Start of talks on disarming rebel groups in eastern Congo

NAIROBI – The third round of Congo peace talks, backed by the East Africa regional bloc, opened Monday in Kenya’s capital Nairobi with a plan to discuss reforms that will make it easier to disarm rebel groups.

Kenyan President William Ruto and Burundi’s Évariste Ndayishimiye attended Monday’s opening session in person, while the Presidents of Congo, Rwanda and Uganda attended virtually.

The Heads of State and Government reaffirmed their commitment to support and ensure lasting peace in Congo.

The talks’ moderator, former Kenyan President Uhuru Kenyatta, said the aim was to discuss the political process and institutional reforms that would ensure an environment conducive to the disarmament, rehabilitation and reintegration of armed groups in Congo.

Leaders attending a summit in Angola last week called for a ceasefire followed by a rebel withdrawal from major cities currently under the control of the M23 rebel group.

Although not officially involved in the talks in Angola, M23 has stated that it will accept the ceasefire. But it also says it does not trust the Congolese government to honor the deal and end hostilities.

East Africa regional bloc secretary-general Peter Mathuki said some of the groups were present at Monday’s talks but did not specify which.

The moderator plans to identify the root cause of the conflict in Congo’s five provinces and discuss restoring state leadership in the provinces to enable a lasting peace.

The full deployment of regional armed forces made up of soldiers from the member states is also being discussed.

A contingent of Kenyan troops has already been deployed to eastern Congo as part of a regional force that includes troops from Uganda, Burundi and South Sudan.

Kenyatta stressed that the region could only facilitate the peace process. In the end, it is the Congolese people who secure the peace and bear the great responsibility for maintaining the peace.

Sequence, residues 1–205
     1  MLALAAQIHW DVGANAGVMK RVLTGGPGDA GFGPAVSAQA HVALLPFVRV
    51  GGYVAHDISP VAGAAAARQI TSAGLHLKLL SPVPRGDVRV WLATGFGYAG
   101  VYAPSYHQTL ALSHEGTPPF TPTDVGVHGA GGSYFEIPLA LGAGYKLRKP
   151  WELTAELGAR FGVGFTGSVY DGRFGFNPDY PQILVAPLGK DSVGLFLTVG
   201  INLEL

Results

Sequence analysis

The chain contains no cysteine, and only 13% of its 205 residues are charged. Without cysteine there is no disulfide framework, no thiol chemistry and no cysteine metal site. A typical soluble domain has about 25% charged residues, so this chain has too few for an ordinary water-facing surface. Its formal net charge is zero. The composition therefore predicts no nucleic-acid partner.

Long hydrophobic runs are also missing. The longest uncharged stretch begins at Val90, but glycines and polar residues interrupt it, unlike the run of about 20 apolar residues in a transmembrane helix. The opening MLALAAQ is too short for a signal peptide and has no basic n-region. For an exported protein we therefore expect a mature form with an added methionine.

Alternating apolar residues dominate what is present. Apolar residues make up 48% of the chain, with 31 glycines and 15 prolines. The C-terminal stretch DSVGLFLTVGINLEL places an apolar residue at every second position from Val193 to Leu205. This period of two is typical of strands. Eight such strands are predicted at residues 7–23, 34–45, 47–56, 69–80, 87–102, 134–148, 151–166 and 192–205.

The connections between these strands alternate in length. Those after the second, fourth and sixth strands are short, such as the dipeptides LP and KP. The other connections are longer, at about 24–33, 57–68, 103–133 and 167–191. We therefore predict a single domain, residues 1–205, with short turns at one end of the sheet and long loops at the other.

“I look forward to opportunities that will allow the region to continue to work closely together to strengthen and strengthen the bonds of purposeful friendship and strategic cooperation for the mutual benefit of all East African citizens,” he said.

The M23 rebel group rose to prominence a decade ago when its fighters captured Goma, the largest city in eastern Congo that borders Rwanda. After a peace agreement, many M23 fighters were integrated into the national military.

The group resurfaced last November and said the government had failed to deliver on its decades-old promises. By June, M23 had captured the strategic town of Bunagana near the border with Uganda.

M23 was a sticking point in deteriorating relations between Congo and Rwanda. Many of the rebel fighters are Congolese ethnic Tutsi and Rwanda’s president is of Rwandan Tutsi descent.

When M23 was founded more than a decade ago, it was fighting to protect the rights of ethnic Tutsis in Congo. However, many observers say the M23 and other armed groups operating in eastern Congo are now seeking control of the region’s vast natural resources.

Copyright 2022 The Associated Press. All rights reserved. This material may not be published, broadcast, transcribed or redistributed without permission. Start of talks on disarming rebel groups in eastern Congo

Sarah Y. Kim

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